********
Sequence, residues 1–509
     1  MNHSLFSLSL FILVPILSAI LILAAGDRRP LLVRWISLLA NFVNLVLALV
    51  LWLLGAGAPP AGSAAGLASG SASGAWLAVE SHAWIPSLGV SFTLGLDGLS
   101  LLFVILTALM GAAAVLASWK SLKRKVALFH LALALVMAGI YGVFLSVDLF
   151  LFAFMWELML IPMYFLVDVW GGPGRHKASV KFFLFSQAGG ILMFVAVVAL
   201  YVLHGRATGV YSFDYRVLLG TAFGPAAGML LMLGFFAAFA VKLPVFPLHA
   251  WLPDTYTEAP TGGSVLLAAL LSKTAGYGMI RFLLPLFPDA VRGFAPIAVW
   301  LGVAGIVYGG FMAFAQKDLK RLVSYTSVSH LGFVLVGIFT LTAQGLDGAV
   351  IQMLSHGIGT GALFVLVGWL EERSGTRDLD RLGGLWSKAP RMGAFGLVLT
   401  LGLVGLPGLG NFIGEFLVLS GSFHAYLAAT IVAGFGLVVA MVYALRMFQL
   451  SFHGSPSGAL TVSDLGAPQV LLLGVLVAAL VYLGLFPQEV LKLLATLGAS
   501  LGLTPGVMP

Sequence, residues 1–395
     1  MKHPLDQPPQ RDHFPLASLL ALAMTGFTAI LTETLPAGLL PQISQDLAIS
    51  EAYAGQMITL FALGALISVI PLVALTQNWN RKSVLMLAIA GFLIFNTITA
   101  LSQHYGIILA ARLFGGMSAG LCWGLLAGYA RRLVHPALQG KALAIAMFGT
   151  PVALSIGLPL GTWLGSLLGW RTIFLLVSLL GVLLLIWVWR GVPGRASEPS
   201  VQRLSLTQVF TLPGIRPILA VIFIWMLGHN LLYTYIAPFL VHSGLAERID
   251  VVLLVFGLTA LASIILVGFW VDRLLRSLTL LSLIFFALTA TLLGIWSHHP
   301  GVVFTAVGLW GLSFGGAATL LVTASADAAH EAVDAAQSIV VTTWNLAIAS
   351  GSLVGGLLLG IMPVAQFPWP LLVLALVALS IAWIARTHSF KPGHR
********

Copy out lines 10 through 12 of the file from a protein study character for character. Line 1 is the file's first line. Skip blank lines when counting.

   401  LGLVGLPGLG NFIGEFLVLS GSFHAYLAAT IVAGFGLVVA MVYALRMFQL
   451  SFHGSPSGAL TVSDLGAPQV LLLGVLVAAL VYLGLFPQEV LKLLATLGAS
   501  LGLTPGVMP